Warren County Local History by Dallas Bogan
|Dallas Bogan on 18 September 2004|
|original article by Dallas Bogan|
|Return to Index to see a list of other articles by Dallas Bogan|
Why did the early settlers leave their home in the East and migrate to the
lands of the great Ohio valley? These pioneers were instilled with a great ambience
to explore what appeared to them to be a land of glorious rewards.
Land! Land! Land! After the Revolution the most impressive migration in the Ohio valley began in the form of free lands given in the service of the soldiers for their contribution to the war of freedom.
Wayne's defeat of the Indians opened the great region of the Northwest Territory to a population flow never before seen in the history of the country. The Miami Valley, rather small in size, received a much larger share than any other area of equal size.
The counties of Warren, Butler and Hamilton received the largest number of immigrants. A census taken in 1803, during Ohio's first year of existence, showed that Warren County had more inhabitants than Butler, Montgomery, Greene and Clermont counties combined.
The foremost western emigration route was via the Wilderness Road and the Ohio River. Daniel Boone, with 36 ax-men, opened up a bridle path, or pack-horse trail as it was sometimes called, from the Holston to the Kentucky River through Cumberland Gap in 1775.
The trail was often called the Wilderness Road or Boone's Trace. This was the most famous roadway in the early days of Kentucky. Tens of thousands of settlers used this route from Virginia and the Carolinas undertaking a new venture in life.
However, the mighty Ohio River was the leading highway of travel westward. Journeying by water was the cheapest, quickest and the most comfortable form of travel.
The pioneer would customarily build or purchase a flatboat and ferry his implements and household goods on the long journey down river. Passengers and livestock would generally be huddled together on the small craft because of lack of room. There was little protection from the elements and low water frequently caused irritating delays. The emigrants generally chose late fall or early winter for launching their flatboats, reasoning being the river was normally too low for flotation during the summer. Sometimes cold weather set in before the rise of the river.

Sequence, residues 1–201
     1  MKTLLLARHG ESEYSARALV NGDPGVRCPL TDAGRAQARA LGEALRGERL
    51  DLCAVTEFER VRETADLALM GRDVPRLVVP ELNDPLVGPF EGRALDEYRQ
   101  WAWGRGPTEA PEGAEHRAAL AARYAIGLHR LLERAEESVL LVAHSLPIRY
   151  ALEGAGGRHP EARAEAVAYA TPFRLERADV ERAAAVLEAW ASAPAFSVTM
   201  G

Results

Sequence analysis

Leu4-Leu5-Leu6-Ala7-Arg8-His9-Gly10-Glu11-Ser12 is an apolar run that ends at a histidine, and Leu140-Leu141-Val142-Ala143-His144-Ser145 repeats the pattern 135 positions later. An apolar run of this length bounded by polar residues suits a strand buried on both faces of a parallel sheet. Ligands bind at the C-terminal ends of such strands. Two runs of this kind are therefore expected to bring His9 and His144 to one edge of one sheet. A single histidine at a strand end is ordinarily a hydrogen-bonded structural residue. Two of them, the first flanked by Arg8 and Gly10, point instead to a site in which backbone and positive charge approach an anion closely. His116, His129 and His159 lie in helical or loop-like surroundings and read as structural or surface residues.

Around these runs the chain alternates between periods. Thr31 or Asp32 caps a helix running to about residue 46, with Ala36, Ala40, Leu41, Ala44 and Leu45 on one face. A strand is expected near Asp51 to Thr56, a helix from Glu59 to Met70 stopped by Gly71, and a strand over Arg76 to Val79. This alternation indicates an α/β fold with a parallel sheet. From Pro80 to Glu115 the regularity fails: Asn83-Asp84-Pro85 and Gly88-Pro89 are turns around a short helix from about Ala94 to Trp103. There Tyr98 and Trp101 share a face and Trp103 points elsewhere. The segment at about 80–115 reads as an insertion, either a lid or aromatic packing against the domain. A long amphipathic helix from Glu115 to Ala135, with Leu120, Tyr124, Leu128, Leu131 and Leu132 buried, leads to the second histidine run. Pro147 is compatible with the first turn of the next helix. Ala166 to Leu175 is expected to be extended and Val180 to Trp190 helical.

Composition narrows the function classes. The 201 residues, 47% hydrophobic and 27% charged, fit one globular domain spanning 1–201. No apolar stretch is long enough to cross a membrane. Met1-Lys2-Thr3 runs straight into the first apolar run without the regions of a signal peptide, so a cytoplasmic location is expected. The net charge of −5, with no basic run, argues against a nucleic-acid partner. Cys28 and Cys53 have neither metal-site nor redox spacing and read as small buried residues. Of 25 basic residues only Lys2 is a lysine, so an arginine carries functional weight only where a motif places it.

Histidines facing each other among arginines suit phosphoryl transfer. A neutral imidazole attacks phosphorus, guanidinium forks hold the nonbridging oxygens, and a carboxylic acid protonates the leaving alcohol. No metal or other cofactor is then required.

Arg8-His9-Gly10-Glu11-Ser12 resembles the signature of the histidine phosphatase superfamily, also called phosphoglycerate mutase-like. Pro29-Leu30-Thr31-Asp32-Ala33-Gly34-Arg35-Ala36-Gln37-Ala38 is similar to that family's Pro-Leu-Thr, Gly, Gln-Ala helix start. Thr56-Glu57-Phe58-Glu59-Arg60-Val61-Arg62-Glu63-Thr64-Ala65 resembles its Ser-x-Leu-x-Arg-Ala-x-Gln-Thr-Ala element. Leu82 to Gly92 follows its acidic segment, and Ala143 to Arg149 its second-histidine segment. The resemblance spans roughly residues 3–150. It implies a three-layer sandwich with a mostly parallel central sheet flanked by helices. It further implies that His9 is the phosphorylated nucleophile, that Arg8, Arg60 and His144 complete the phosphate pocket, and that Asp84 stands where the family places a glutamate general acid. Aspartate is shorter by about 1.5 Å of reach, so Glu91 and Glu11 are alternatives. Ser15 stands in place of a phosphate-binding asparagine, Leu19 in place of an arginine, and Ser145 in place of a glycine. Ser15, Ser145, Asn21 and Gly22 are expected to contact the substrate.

Judge Dunlevy stated this was the case in the autumn of 1779. The Judge lived in the Red Stone country of Pennsylvania and saw crowds of emigrants gathered in wait for the rains that would raise the river. They had traveled from Pennsylvania, Virginia, Maryland and the Carolinas in an effort to construct their boats on the primary branches of the Ohio.
The summer had been exceedingly dry and the rivers remained low until Christmas when a heavy snow fell and the cold became severe. Many hundreds of men, women and children lay in open camps or crude structures until early spring. Dunlevy revealed that some emigrants were Pennsylvania and Virginia inhabitants who had sold their lands in a country still new in order to remove further west.
Most emigrants had many miles to travel just to get to the place of embarkment. After the long journey downstream these hearty folks experienced a rather tiring overland journey in an effort just to locate their lands.
Travel by foot, ox-cart, horseback, the great Pennsylvania wagons, or the smaller wagons, all were designed for the pioneer's pursuance of a dream.
Cattle and hogs were among most pioneers' repertoire. Every so often the women and smaller children would ride and the men and older boys would walk, driving and caring for the livestock. Now and then an array of packhorses would be led along in single file loaded to capacity. In moving from Pennsylvania to Marietta in 1789, one mother walked most of the way leading a cow.